Bomb targets judge
A bomb targeting a senior judge in Karachi wounded him and killed seven members of the security forces yesterday, a senior government official said. The Taliban took responsibility for the attack. The dead included six policemen and a paramilitary ranger, said Sharjeel Memon, the information minister for Sindh Province, where Karachi is the capital. The explosion also wounded 15 people, including policemen and rangers, as well as the judge, he said. The Sindh High Court judge who was targeted, Maqbool Baqir, was being treated at a private hospital and his condition was stable, Memon said. “We had provided maximum security to Maqbool Baqir and he was wounded in today’s bomb attack at his convoy,” Memon said. Baqir was on his way to court when the bomb exploded, senior police official Ameer Sheik said. The bomb, which was attached to a motorcycle, was so powerful that it damaged some nearby shops. Local TV footage showed authorities transporting victims of the attack to the hospital. Pakistani Taliban spokesman Ahsanullah Ahsan claimed responsibility for the Taliban, saying they detonated the bomb by remote control. “We attacked the judge in Karachi as he was taking decisions against Shariah and he was harmful for mujahidin,” he said in a telephone call from an unknown location.
Xinjiang riots kill 27
Riots in restive Xinjiang Province yesterday killed 27 people and left at least three injured, state media said. Xinhua news agency said knife-wielding mobs attacked police stations, a local government building and a construction site yesterday morning in a remote town in the Turkic-speaking region. The unrest in Lukqun, a township in Turpan Prefecture, left 17 people dead, including nine policemen, before police shot and killed 10 rioters, the agency reported. Xinhua cited officials with the region’s Communist Party committee.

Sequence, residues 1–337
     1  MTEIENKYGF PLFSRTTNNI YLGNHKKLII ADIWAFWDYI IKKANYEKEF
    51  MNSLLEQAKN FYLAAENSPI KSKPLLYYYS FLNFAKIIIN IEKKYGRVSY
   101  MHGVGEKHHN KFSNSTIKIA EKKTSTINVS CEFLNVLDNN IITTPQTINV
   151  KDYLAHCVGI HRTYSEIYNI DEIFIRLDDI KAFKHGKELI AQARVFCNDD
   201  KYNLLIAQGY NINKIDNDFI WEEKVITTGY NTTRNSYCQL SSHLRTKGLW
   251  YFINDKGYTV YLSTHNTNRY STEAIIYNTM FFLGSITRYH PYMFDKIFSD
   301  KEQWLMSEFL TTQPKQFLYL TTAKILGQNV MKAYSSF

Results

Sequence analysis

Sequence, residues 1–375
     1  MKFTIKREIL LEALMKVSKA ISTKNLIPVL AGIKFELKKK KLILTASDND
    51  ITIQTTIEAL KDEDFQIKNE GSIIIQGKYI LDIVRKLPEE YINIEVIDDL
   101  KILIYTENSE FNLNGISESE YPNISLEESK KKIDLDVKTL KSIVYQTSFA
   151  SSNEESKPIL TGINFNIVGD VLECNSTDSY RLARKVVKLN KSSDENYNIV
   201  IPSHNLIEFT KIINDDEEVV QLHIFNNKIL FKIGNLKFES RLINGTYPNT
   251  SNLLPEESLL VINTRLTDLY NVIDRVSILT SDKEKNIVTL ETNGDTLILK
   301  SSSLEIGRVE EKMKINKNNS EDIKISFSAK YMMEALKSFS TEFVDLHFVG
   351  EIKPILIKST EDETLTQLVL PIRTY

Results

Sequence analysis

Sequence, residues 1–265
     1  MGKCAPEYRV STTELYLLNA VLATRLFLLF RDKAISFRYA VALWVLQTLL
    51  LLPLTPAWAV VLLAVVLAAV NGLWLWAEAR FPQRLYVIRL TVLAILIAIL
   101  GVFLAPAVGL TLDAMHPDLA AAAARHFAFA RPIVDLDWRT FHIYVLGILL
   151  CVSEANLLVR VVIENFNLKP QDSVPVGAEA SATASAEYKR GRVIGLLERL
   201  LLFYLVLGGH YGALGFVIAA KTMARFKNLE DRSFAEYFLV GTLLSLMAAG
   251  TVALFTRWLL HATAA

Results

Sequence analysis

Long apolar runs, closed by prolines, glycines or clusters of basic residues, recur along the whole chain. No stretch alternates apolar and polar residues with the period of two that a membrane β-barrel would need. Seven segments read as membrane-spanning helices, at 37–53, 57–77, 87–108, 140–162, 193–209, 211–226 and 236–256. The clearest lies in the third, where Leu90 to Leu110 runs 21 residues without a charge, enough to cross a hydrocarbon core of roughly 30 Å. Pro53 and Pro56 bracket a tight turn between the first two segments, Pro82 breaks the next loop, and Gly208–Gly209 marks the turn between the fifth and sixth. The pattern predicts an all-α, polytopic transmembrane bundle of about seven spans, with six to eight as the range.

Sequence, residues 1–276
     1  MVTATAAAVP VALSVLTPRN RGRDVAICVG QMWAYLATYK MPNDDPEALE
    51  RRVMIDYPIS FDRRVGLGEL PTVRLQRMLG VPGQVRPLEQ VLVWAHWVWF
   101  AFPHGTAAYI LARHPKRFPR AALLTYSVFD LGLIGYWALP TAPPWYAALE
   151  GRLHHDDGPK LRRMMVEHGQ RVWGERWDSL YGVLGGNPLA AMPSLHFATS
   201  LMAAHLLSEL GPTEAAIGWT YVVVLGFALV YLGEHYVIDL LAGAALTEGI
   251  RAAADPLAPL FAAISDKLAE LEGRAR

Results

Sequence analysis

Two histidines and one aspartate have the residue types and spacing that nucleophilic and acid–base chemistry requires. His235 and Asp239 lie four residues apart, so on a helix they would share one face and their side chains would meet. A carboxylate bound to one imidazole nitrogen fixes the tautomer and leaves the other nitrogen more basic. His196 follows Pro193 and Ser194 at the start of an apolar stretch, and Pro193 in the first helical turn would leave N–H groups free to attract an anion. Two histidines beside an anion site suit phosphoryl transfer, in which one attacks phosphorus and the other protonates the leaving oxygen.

Space capsule lands
A space capsule with three astronauts has safely landed on grasslands in the north after a 15-day trip to the country’s prototype space station. The Shenzhou 10’s descent module landed by parachute in Inner Mongolia early yesterday with the three crewmembers reported in good health. The two men and one woman taught lessons to schoolchildren while in space. The country sent its first astronaut into space in 2003, becoming the third nation after Russia and the US to achieve manned space travel independently. The latest mission was the second crewed trip to the Tiangong 1 experimental space station, launched in 2011. It is due to be replaced by a three-module permanent station in 2020.
Australia starts whaling case
Australia is urging the UN’s highest court to ban Japan’s annual whale hunt. Lawyers for Australia were to argue at the International Court of Justice yesterday that Japan harpoons minke whales each year in the icy waters around Antarctica in breach of a 1986 moratorium on commercial whaling. Japan is to respond next week by telling judges that the hunt is for scientific research and is allowed under the 1946 International Convention for the Regulation of Whaling. Opponents say the program is a guise for keeping Japan’s dwindling whaling industry alive because the whale meat from the hunt is sold for consumption. The court will take months to issue a final and binding decision.
Trial to be closed to public